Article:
In diplomacy, the moment is everything. This obvious truth struck me again in the run-up to the tenth anniversary of the Key West talks, when the United States made its biggest push to resolve the Armenian-Azerbaijani conflict over Nagorny Karabakh— a piece of highland territory in the south Caucasus that the two states have long been fighting over. But after a promising start, it all dissolved. Then-Azerbaijani president, Heidar Aliev (he has been followed into office by his son), was in poor health and began to back away from the peace plan as soon as he got back home to Baku. Both leaders had done nothing to prepare their publics for the great compromises they were negotiating.
On March 28, Carey Cavanaugh, who was the lead U.S. negotiator at Key West, spoke about the talks at the Carnegie Endowment for International Peace at an event on which I was also on the panel. Cavanaugh argued that circumstances were far more favorable for peace in Karabakh at Key West than they are now. The two presidents, Robert Kocharian of Armenia and the elder Aliev had a good working relationship. They were also discussing the outline of a plan they had worked up themselves, not one given them by outsiders. There was “no competing international crisis” and it was a lot easier to find money to finance a post-conflict settlement. In 2011, there is deadlock. The current Armenian and Azerbaijani presidents temporize and avoid signing up to an agreement whose outline has been obvious for around six years now—gradual withdrawal of Armenian forces from the territories around Karabakh in exchange for the promise of a referendum in the future— because they are either afraid or unwilling to agree to comprises that carry too many risks for them.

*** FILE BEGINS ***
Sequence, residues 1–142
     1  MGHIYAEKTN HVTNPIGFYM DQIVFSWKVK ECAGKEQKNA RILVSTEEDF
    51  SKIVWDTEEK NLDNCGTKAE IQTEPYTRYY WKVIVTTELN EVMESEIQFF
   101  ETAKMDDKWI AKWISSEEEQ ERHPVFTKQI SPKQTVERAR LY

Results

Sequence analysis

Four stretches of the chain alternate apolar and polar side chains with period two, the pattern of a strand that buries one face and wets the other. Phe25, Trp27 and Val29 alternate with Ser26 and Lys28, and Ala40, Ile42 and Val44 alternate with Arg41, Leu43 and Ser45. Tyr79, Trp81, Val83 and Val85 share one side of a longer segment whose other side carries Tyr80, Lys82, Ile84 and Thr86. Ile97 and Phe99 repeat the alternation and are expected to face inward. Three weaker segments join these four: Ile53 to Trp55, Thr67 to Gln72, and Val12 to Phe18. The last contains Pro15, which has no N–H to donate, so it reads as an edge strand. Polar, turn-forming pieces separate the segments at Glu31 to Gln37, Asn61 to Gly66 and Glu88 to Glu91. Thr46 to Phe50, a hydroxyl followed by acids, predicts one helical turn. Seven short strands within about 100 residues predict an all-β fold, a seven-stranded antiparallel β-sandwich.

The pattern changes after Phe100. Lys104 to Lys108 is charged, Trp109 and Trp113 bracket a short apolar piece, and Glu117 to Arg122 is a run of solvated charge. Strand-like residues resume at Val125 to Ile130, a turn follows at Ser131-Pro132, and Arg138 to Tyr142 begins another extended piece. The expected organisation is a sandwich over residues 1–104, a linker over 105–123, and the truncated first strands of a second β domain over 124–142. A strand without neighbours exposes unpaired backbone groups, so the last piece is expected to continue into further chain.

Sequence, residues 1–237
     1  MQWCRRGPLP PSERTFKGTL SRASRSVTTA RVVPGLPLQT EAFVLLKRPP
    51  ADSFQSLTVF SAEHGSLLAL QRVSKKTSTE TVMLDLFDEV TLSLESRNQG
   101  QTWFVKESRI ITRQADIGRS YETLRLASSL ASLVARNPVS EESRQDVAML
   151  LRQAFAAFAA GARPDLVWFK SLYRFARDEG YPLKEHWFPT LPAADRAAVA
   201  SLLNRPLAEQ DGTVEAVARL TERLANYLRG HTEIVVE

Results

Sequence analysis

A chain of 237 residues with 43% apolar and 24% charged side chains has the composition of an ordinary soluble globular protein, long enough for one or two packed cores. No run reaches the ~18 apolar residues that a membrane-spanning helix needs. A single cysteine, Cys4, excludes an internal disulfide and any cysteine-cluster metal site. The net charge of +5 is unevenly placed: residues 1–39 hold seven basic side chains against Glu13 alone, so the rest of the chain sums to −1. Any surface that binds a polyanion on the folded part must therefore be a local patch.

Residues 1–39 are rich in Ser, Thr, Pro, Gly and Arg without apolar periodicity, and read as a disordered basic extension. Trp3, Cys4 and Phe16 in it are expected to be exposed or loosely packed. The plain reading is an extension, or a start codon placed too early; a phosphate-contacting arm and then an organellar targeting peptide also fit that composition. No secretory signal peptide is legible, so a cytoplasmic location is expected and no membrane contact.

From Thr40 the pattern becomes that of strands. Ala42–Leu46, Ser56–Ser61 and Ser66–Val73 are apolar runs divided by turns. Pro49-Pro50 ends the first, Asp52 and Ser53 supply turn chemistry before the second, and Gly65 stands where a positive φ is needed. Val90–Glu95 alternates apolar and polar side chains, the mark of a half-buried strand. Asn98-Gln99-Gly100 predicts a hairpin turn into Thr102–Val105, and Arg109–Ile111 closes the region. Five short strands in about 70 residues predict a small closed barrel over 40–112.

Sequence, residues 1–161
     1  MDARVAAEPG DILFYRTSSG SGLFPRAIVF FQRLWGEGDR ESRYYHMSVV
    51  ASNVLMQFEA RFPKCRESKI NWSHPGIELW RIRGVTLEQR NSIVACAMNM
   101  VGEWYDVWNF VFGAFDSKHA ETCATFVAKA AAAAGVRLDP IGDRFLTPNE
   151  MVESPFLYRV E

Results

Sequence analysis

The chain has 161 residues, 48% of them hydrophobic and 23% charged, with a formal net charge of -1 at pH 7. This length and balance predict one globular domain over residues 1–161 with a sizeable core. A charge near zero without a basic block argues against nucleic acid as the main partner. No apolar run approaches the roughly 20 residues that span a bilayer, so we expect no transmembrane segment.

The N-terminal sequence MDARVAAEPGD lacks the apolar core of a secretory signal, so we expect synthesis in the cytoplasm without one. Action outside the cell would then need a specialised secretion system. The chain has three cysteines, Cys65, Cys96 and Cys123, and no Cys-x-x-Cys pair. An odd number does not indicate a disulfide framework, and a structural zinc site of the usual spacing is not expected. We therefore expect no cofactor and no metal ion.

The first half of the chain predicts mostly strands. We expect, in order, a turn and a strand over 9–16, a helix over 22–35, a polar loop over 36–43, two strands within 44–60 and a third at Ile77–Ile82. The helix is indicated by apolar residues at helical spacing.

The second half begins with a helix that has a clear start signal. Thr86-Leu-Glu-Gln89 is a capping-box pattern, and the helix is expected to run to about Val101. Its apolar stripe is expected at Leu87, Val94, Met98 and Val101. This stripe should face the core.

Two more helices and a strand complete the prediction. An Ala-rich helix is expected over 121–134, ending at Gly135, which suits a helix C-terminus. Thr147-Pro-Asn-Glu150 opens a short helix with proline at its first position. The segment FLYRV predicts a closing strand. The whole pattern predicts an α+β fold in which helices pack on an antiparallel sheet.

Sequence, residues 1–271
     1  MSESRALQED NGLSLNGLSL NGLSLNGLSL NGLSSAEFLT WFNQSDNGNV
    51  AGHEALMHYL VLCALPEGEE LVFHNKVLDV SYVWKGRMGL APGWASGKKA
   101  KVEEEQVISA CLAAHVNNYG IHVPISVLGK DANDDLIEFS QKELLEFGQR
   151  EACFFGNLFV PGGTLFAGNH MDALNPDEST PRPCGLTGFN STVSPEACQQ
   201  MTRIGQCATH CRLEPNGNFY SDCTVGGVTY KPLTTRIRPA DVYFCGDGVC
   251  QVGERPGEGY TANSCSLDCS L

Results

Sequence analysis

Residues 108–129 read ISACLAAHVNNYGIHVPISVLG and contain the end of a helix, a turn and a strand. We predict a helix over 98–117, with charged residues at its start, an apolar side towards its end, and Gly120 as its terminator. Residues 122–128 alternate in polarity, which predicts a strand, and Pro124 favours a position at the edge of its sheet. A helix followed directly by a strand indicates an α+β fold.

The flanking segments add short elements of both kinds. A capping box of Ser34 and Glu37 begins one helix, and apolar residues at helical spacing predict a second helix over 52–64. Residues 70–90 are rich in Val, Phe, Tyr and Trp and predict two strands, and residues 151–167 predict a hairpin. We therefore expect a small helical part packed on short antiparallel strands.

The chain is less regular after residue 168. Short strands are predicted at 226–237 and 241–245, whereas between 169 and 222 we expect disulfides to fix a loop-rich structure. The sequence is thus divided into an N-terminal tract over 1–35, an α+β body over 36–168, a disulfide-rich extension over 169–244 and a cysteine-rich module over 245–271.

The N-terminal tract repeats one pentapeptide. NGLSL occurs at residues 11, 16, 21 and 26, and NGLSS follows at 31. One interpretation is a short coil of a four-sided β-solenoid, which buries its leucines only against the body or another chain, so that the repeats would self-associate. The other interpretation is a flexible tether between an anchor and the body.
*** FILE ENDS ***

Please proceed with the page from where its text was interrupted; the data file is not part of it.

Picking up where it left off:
If Key West was Karabakh’s missed “Dayton moment,” the differences are instructive. To make the Dayton peace for Bosnia work, Richard Holbrooke had many instruments at his disposal which the Karabakh mediators do not.
One was the glare of publicity on Bosnia. The organized massacre at Srebenica and the rocket attack on Sarajevo market got prime-time television coverage—too late to save the victims but enough to mobilize public opinion. Belatedly, the world cared about Bosnia and there was a perceived cost to letting the war continue and the Bosnian Serbs continue in their bloody practices. Compare that to a war in the Caucasus that most people cannot locate on the map and where major fighting was halted by a ceasefire agreement in 1994. The Karabakh conflict is mistakenly labeled “frozen.” That obscures the fact that several dozen young Armenian and Azerbaijani soldiers die each year in shooting incidents across the Line of Contact. But it is a sleeping volcano, not an erupting event that draws all eyes to the crisis.
Richard Holbrooke was also able to leverage international attention into resources for Bosnia. Of course they weren’t all–or even primarily—American resources. The European Union became the paymaster for a European post-conflict settlement. The United States did send troops to Bosnia but as part of a multilateral mission. Even so, Holbrooke relates in his memoir To End a War, how at least two senior U.S. officials told him, “We do not have a dog in this fight” and he fought intra-Washington officials to try to get an international mandate strong enough to enforce the post-Dayton peace. Again, compare that to the interest in a post-conflict settlement for Karabakh. Currently the 110-mile-long ceasefire line, with more than 20,000 troops on each side, is monitored by just six unarmed observers from the Organization for Security and Cooperation in Europe. Armenia and Azerbaijan are in nobody’s backyard, nobody’s first strategic priority—not even Russia’s anymore. It will be much harder to get resources to stabilize a peace deal here.